After only 3 weeks in the studio, Bone Thugs & Harmony managed to piece together a debut EP that quickly went gold and includes a first single that has left millions humming and singing “it’s the thuggish, ruggish Bone….” Their rise to success, however, was not unplanned: it was quite simply, in their minds, just a matter of time before someone would hear them, sign ‘em, and share their talent with the rest of the hip-hop world.
The group’s journey began as all five members, after reaching a dead-end in their pursuit of a deal, decided to leave their hometown of Cleveland, Ohio. Landing in Cali, they spent four months of “getting’ their struggle on” before receiving a personal call from Ruthless Records and Eazy E. After the conversation, however, a long time would elapse before the two sides touched bases.
It wasn’t until the group’s hometown connections hooked them up as the opening act for Eazy’s show—back in Cleveland—that they spoke to Eazy again. Even then the group struggled to find Eazy backstage so they could flow for him. Once they did, it was as simple as Eazy saying “When ya’ll wanna leave?”
The group left the next day and Eazy’s album was put on hold so that the project could be released as soon as possible. The group’s tenacity no doubt played a role in their success, but it’s their talent that will allow them to maintain their success in the future. Their style bristles with originality : each beat is enhanced with a syncopated flow. In addition, they bring harmony into their rhymes, with certain portions stated in unison, resulting in an elaborate, complicated style that will be hard to duplicate—insuring Bone will remain successful for some time.
Currently living in Los Angeles, the group is working on their album. Thirteen cuts are done, and a mid ’95 release date is nearing. While some members of Bone were on a mission to enhance their, Lazy Bone and Wish Bone discussed the group’s career to date.
What are the ages of the members in the group
[WB:] We don’t tell our age.
Why don’t you like to tell?
[LB:] ‘Cause people take us for an age we really ain’t. They put us in a young ass category.
[WB:] And that’s cool though. But if we’re comin’ out like we’re all 25 or 26, we can’t get no sixteen or seventeen year old twat.
[LB:] So we just keep it personal. Incognito.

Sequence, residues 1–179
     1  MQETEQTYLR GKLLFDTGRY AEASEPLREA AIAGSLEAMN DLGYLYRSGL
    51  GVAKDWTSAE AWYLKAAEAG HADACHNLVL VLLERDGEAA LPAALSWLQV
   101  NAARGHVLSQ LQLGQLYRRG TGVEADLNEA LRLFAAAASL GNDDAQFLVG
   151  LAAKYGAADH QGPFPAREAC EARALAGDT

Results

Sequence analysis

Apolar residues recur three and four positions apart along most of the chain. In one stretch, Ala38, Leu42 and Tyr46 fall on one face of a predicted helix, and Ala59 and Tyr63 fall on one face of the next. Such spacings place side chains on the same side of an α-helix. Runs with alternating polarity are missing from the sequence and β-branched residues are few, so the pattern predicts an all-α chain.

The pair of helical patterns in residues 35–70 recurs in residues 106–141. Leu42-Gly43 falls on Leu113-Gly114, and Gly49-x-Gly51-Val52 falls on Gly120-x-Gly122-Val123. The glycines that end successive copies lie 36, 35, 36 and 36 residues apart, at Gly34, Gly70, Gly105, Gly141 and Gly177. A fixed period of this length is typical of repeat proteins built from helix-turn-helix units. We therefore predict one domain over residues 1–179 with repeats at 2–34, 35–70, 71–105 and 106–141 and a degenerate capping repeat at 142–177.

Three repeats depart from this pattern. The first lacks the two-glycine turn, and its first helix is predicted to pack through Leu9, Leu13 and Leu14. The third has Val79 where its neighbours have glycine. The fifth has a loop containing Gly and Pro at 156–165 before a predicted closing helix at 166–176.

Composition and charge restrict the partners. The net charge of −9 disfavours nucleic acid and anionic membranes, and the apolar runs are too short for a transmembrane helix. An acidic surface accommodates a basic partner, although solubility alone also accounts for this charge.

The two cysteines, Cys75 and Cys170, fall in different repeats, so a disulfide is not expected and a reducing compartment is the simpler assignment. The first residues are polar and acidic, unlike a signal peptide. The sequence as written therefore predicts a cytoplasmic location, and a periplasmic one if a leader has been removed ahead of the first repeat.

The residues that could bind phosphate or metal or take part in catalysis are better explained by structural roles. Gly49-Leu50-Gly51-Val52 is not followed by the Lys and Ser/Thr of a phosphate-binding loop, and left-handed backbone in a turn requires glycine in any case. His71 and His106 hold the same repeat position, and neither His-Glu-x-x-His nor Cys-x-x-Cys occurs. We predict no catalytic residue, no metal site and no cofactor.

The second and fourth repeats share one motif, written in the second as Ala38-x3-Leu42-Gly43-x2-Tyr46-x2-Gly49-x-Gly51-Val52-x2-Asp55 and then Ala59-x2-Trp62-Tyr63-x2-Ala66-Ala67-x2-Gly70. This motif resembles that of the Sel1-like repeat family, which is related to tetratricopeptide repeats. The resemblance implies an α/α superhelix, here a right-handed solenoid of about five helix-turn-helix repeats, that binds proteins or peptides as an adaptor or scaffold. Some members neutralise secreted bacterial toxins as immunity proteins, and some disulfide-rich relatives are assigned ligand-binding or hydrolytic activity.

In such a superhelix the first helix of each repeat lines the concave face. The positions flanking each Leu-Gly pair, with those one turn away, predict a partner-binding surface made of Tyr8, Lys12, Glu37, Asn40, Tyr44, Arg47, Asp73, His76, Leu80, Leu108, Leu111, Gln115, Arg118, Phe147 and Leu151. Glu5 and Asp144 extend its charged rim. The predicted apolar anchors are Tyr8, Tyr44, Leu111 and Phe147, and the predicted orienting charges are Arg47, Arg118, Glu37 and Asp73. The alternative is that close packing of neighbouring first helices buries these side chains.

Since ya’ll brought it up: Have there been more girls around now that the record’s out?
[WB:] We always had bitches, but with this record shit? There’s just more now.
[LB:] We had some hoes, man. But it’s easy as fuck now to get some pussy.
It’s too easy?
[LB:] It is too easy.
[WB:] They will do anything. But it ain’t too easy for me ‘cause I like it like that. Let it get easier.
With all the stuff out now that sounds the same, the thing that stands out about your shit is that it’s an original style—like nothin’ people have really heard before. How did you develop the style?
[WB:] Well, really, to have some shit tight, you gotta be tight within yourself. And, you know, we’re all related— we’re brothers and cousins— and we were brought up together. And we struggled all our lives together. So that [style] just came out from us.
[LB:] It just came from within. We came to Cali, and our shit wasn’t so different to us. We just felt like we could flow like a motherfucker.
Do you think you guys were around each other more than the average group?
[WB:] We lived together since, like, fifteen and sixteen on up. So that’s some time.
How hard would you say it is to get in the business?
[LB:] If you got what it takes, somebody’s gonna want you.
[WB:] Point blank: It’s hard gettin’ heard because there’s so many people tryin’ to do it. Every company gets 100 tapes or 100 calls a day and they ain’t really tryin’ to hear the shit: ‘cause they think it’s just the same ol’ shit, and they ain’t got time. But if you stick your heart into it and be real about what you’re tryin’ to do, somebody one day will listen and take you seriously.
[LB:] You basically gotta have a strategy about your come up, instead of goin’ about it the same way everybody does.
[WB:] ‘Cause nothin’ that’s gonna be good is easy to get.
What type of strategy did you guys use?
[LB:] We took time to think. And that led to us makin the right moves. We left Cleveland on time to meat Eazy. We left California on time to do the show. And we followed up on everything we always did. We didn’t leave nothin’ hangin’ and didn’t burn no bridges.
How do you develop your songs?
[WB:] A lot of reefer.
[LB:] We sit down and get high as fuck, and we damn near become the same muthafucker.
[WB:] Then we just shut everybody off from us, and it’s just us five—and we just write some shit.
What do you think it is that makes you guys so different?
[LB:] Man I think it’s just like this…don’t know muthafuckers in the wold love each other like we do.
[WB:] Point muthafuckin’ blank: If my niggas cold, I’ll give them my muthafuckin’ shit and be cold—long as he can get warm.
[LB:] You know how a gang be a click tight? We’re tighter than that.
[WB:] ‘Cause it ain’t no snakes in this muthafucker. We’re in California for one—nothin’ but hustlers. We don’t know nothin’ about this so it’s just us. If one goes down, that’s a big hurt. It’s that vital to the team.
From a fan’s perspective, I hate it when great groups come out and then split up. It’s not the same anymore when they do their solo stuff because you no longer have the variety that was generated by the group. Is there any chance of something like that happening?
[WB:] Never. If niggas want to do some solo shit, they’ll produce a solo artist. But we’re a group. It ain’t about money to us. Solo artists flee on their own so they can get that extra money. To us, whatever I get, that’s my nigga’s shit anyway. So we’ll never be fucked up.
[LB:] If we go to the store and get a forty, we’re all gonna share it.